About The Project
Canadian population growth is concentrated in the suburban areas of large cities that are often poorly equipped to serve their rapidly increasing and diversifying populations. A low density and car-oriented environment in which residential and nonresidential land uses are strictly separated and infrastructure is limited accentuates accessibility problems for many newcomers, seniors, and the poor. This study investigates the availability of essential infrastructure, human services, to rapidly increasing vulnerable populations in Canadian suburbs by completing a case study of York Region. Situated north of Toronto, York Region is an archetypal suburban area where the population increased from 169,000 in 1971 to 867,000 today and is estimated to grow to 1,280,000 by 2026. Immigration propels this growth and seniors and low-income households are growing proportions of the population.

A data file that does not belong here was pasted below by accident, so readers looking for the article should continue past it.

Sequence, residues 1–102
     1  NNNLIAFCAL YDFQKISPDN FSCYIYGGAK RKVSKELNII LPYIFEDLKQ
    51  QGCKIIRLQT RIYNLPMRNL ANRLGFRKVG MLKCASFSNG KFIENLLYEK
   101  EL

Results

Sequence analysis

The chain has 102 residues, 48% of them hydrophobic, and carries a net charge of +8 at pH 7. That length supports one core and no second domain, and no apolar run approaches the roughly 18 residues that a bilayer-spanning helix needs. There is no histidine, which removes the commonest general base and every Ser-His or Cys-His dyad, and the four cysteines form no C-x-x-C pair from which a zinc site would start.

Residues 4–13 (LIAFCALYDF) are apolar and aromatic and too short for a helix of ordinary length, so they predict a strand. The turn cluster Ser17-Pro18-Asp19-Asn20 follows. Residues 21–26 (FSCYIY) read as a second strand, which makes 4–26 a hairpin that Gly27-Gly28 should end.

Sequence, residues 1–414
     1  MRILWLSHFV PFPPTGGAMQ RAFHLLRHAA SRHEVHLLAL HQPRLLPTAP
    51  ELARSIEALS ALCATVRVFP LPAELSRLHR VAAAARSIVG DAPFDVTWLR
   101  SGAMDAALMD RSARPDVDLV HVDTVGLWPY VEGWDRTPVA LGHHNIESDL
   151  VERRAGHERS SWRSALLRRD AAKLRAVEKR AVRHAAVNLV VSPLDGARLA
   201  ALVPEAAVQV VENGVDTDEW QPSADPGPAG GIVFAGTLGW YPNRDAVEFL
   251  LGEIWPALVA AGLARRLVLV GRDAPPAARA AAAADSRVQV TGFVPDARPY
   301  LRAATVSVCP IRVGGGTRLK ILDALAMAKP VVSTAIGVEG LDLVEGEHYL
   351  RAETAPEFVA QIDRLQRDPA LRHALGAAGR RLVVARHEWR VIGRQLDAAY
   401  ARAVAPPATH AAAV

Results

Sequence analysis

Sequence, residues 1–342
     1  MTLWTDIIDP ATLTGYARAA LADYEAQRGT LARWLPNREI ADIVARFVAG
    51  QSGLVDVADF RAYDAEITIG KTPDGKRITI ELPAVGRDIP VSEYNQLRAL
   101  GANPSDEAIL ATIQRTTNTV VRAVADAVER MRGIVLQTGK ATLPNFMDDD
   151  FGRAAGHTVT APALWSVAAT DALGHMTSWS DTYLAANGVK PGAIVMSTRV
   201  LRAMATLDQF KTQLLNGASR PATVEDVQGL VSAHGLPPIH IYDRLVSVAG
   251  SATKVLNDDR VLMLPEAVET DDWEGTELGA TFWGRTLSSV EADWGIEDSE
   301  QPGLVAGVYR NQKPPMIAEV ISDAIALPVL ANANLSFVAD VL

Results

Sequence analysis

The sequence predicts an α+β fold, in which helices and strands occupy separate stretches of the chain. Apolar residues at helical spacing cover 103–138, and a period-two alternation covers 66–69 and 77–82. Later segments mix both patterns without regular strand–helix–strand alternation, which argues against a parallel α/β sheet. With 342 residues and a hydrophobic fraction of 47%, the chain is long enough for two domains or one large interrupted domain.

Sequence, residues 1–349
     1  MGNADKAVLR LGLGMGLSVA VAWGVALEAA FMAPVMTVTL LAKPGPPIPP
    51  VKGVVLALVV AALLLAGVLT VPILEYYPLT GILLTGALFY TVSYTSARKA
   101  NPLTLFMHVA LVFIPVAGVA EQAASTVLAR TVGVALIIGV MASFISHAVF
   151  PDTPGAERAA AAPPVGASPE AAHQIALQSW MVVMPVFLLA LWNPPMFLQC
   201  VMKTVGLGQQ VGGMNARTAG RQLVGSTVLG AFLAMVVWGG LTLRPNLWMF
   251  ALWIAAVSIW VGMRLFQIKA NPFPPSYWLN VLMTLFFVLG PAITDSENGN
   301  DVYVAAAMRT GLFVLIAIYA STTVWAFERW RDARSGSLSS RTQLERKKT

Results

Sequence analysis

The research addresses the infrastructure needs that have arisen during the region’s rapid transition from a low-density, ethnically and socially homogeneous suburban region to a diverse, rapidly intensifying suburb...
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